“Part of the problem in Ghana is that too often people tend to equate ‘modern’ with ‘Western’” Osseo-Asare
The BBC interviews TED Fellow DK Osseo-Asare and founder of Low Design Office, asking the question “…how do you revamp what some deride as a blight on the face of African cities, into an emblem of forward-looking design?…” Click here to listen
One area where Osseo-Asare hopes to use collaborative architecture is through the “kiosk culture” of Ghana. Informal shacks and buildings made of reused materials line Ghanaian streets, home to microenterprises and microindustry. While these buildings are technically illegal, they are an integral part of Ghanaian culture and daily life. “People expect ubiquitous micro-enterprise, [like] the ability to buy water or mobile phone credits from a vendor at virtually any point in the city,” Osseo-Asare says. Why then, are city planners trying to wipe out such structures, and replace them with factories?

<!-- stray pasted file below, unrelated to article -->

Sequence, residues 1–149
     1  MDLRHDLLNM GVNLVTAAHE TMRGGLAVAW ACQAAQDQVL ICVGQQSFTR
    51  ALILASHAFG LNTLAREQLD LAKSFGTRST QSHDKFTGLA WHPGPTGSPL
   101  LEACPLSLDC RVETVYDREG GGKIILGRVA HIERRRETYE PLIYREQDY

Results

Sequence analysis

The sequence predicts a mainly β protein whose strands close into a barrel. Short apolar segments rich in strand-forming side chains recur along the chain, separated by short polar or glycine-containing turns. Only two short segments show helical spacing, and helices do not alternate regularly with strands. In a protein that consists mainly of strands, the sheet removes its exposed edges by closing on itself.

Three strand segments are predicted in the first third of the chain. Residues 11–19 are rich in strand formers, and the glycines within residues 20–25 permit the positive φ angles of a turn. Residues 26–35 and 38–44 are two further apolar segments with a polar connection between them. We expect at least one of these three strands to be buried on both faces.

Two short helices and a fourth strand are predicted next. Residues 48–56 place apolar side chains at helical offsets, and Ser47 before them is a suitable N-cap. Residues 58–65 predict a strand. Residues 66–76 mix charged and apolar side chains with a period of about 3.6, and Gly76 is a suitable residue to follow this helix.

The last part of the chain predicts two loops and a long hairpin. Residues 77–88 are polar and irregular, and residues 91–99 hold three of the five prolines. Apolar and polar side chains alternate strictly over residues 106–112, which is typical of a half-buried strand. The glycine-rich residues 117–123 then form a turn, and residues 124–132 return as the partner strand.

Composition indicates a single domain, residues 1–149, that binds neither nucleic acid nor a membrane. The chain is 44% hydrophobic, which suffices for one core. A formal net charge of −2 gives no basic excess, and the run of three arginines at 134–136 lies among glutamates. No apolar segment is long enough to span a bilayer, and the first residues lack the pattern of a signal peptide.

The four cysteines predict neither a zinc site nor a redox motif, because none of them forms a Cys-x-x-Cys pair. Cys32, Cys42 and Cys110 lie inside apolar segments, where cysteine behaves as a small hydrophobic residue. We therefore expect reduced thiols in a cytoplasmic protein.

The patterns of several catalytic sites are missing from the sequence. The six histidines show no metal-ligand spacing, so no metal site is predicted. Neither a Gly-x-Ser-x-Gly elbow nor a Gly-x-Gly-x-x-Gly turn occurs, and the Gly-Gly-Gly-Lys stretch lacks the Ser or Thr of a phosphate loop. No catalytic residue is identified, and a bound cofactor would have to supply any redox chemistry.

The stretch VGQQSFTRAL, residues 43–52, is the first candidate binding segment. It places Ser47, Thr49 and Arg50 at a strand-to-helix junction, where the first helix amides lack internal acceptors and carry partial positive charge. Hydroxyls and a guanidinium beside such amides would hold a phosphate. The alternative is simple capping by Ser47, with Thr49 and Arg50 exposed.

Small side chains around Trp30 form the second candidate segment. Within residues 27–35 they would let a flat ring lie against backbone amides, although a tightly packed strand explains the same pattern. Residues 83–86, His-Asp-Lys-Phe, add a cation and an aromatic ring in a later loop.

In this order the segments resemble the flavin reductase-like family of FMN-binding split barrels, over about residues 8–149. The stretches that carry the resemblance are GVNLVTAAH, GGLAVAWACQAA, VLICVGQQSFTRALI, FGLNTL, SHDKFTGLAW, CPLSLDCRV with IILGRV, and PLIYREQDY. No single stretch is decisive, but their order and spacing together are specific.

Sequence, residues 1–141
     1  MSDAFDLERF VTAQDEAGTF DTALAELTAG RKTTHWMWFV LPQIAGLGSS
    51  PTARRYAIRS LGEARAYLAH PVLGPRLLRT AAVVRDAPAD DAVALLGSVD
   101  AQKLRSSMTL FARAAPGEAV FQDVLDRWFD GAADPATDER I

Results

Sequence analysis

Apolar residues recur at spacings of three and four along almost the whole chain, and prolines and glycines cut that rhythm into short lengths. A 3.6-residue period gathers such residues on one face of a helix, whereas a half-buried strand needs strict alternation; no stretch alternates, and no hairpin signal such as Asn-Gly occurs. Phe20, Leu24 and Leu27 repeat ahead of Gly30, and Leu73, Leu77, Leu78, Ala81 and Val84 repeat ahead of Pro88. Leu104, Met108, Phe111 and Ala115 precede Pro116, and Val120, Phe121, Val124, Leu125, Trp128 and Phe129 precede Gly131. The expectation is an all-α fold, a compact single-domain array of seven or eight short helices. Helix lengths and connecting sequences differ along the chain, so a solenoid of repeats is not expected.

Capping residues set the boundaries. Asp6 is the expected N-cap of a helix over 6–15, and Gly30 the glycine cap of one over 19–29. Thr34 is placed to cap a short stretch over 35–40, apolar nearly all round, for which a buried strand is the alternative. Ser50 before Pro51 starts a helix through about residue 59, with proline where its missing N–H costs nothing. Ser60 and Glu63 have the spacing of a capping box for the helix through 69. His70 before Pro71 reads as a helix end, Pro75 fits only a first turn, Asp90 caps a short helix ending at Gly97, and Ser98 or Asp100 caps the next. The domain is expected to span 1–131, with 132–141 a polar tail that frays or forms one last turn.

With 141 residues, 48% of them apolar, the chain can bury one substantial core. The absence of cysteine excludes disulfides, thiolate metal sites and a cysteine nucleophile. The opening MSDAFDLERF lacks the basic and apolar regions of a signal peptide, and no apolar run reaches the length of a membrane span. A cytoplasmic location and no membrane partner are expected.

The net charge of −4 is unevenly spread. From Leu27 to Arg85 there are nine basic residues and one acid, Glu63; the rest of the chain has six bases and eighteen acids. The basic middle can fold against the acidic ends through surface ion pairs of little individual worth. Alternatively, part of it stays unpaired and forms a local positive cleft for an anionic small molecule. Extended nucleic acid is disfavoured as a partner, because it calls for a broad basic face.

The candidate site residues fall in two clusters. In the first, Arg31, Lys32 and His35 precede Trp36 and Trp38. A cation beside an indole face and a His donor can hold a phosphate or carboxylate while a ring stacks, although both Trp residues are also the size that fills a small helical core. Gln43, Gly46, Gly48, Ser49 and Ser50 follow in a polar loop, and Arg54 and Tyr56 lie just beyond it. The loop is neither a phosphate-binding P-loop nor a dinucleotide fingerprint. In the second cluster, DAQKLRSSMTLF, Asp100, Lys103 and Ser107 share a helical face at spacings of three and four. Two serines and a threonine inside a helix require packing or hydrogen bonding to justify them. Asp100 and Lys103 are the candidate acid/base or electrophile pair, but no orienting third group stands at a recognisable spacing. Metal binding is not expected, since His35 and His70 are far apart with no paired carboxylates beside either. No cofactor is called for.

“Kiosk culture is an existing model for survival in the city that can also become a bottom-up strategy for advancing local fabrication and sustainability,” Osseo-Asare says. Instead of eradicating kiosk culture in the growing city of Tema, Ghana, he and his team are working to build stronger, more environmentally friendly microstructures. Their first project is “bamboo lifecycling”: growing bamboo in an urban setting, and using it to build temporary and mobile infrastructures. After use, discarded building materials can be used as low-cost and low-impact cooking fuel. Read more here